Advertisement

 

 

Efficacy and Safety of SHP465 Mixed Amphetamine Salts in the Treatment of Attention-Deficit/Hyperactivity Disorder in Adults: Results of a Randomized, Double-Blind, Placebo-Controlled, Forced-Dose Clinical Study.

Efficacy and Safety of SHP465 Mixed Amphetamine Salts in the Treatment of Attention-Deficit/Hyperactivity Disorder in Adults: Results of a Randomized, Double-Blind, Placebo-Controlled, Forced-Dose Clinical Study.
Author Information (click to view)

Weisler RH, Greenbaum M, Arnold V, Yu M, Yan B, Jaffee M, Robertson B,


Weisler RH, Greenbaum M, Arnold V, Yu M, Yan B, Jaffee M, Robertson B, (click to view)

Weisler RH, Greenbaum M, Arnold V, Yu M, Yan B, Jaffee M, Robertson B,

Advertisement
Share on FacebookTweet about this on TwitterShare on LinkedIn

CNS drugs 2017 07 15() doi 10.1007/s40263-017-0455-7
Abstract
OBJECTIVE
The objective of this randomized, double-blind, placebo-controlled study was to evaluate the efficacy and safety of SHP465 mixed amphetamine salts (MAS) in adults with attention-deficit/hyperactivity disorder (ADHD).

METHODS
Eligible adults [aged 18-55 years; meeting the Diagnostic and Statistical Manual of Mental Disorders, Fifth Edition ADHD criteria; baseline ADHD Rating Scale with Adult Prompts (ADHD-RS-AP) total scores ≥28] were randomized 1:1:1 to placebo or forced-dose SHP465 MAS (12.5 or 37.5 mg/day) for 4 weeks. The ADHD-RS-AP total score change from baseline to week 4 (primary endpoint) and Clinical Global Impressions-Improvement score at week 4 (key secondary endpoint) were assessed using linear mixed-effects models for repeated measures. Other efficacy endpoints were changes from baseline to week 4 on the ADHD-RS-AP hyperactivity/impulsivity and inattentiveness subscales and the percentage of participants categorized as improved on the dichotomized Clinical Global Impressions-Improvement. Safety and tolerability assessments were treatment-emergent adverse events, vital sign and weight changes, Columbia-Suicide Severity Rating Scale responses, and electrocardiogram results.

RESULTS
Of 369 screened participants, 275 were randomized (placebo, n = 91; 12.5 mg/day of SHP465 MAS, n = 92; 37.5 mg/day of SHP465 MAS, n = 92) and 236 completed the study (placebo, n = 80; 12.5 mg/day of SHP465 MAS, n = 80; 37.5 mg/day of SHP465 MAS, n = 76). Least-squares mean (95% confidence interval) treatment differences at week 4 significantly favored SHP465 MAS over placebo for the ADHD-RS-AP total score change from baseline [12.5 mg/day: -8.1 (-11.7, -4.4), effect size = 0.67; 37.5 mg/day: -13.4 (-17.1, -9.7), effect size = 1.11; both p < 0.001] and Clinical Global Impressions-Improvement score [12.5 mg/day: -0.8 (-1.1, -0.4), effect size = 0.68; 37.5 mg/day: -1.2 (-1.6, -0.9), effect size = 1.11; both p < 0.001]. Treatment differences for the change from baseline at week 4 favored 12.5 and 37.5 mg/day of SHP465 MAS, respectively, over placebo on the ADHD-RS-AP hyperactivity/impulsivity (both nominal p < 0.001; effect size = 0.56 and 0.91) and inattentiveness (both nominal p < 0.001; effect size = 0.70 and 1.19) subscales. At the final on-treatment assessment, the percentage of participants categorized as improved on Clinical Global Impressions-Improvement was higher with both SHP465 MAS doses than with placebo (both nominal p < 0.001). Treatment-emergent adverse events reported (>5%) with SHP465 MAS were decreased appetite, dry mouth, insomnia, headache, anxiety, initial insomnia, irritability, and bruxism. Severe treatment-emergent adverse events and treatment-emergent adverse events leading to discontinuation, respectively, were reported by 8 and 12 participants (placebo, n = 2 and 0; 12.5 mg/day SHP465 MAS, n = 1 and 7; 37.5 mg/day SHP465 MAS, n = 5 and 5). At the final on-treatment assessment, mean ± standard deviation increases from baseline were observed with 12.5 and 37.5 mg/day of SHP465 MAS for pulse (3.3 ± 10.52 and 7.1 ± 11.48 bpm) and blood pressure (systolic 0.2 ± 7.24 and 1.7 ± 9.99 mmHg; diastolic 1.0 ± 7.46 and 2.8 ± 7.90 mmHg) and decreases were observed for weight (-0.97 ± 1.523 and -1.65 ± 2.333 kg), body mass index (-0.33 ± 0.519 and -0.56 ± 0.777 kg/m(2)), and Fridericia corrected QT interval (-3.0 ± 10.72 and -1.6 ± 13.70 ms). No participant in any treatment group had a positive response for on-study Columbia-Suicide Severity Rating Scale assessments.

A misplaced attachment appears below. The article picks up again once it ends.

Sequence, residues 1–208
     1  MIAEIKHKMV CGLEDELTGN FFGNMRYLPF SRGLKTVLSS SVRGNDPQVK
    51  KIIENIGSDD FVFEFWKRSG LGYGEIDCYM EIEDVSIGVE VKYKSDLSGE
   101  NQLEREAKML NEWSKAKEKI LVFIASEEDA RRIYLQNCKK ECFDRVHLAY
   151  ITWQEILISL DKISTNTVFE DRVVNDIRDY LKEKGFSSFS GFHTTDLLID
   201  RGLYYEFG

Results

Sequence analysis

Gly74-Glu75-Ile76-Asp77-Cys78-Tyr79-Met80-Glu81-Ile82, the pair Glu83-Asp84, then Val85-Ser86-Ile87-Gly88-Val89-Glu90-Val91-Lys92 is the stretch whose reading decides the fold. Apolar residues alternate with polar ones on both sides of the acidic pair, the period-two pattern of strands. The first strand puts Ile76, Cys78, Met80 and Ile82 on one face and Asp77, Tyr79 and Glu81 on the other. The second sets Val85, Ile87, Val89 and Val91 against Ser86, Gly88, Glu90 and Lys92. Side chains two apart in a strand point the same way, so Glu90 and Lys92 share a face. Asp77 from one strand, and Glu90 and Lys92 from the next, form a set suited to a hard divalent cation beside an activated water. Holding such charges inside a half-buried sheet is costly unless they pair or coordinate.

CONCLUSIONS
SHP465 MAS was superior to placebo in reducing ADHD symptoms, with a safety profile consistent with other long-acting stimulants. ClinicalTrials.gov Registry Number: NCT02604407.

Submit a Comment

Your email address will not be published. Required fields are marked *

one × four =

[ HIDE/SHOW ]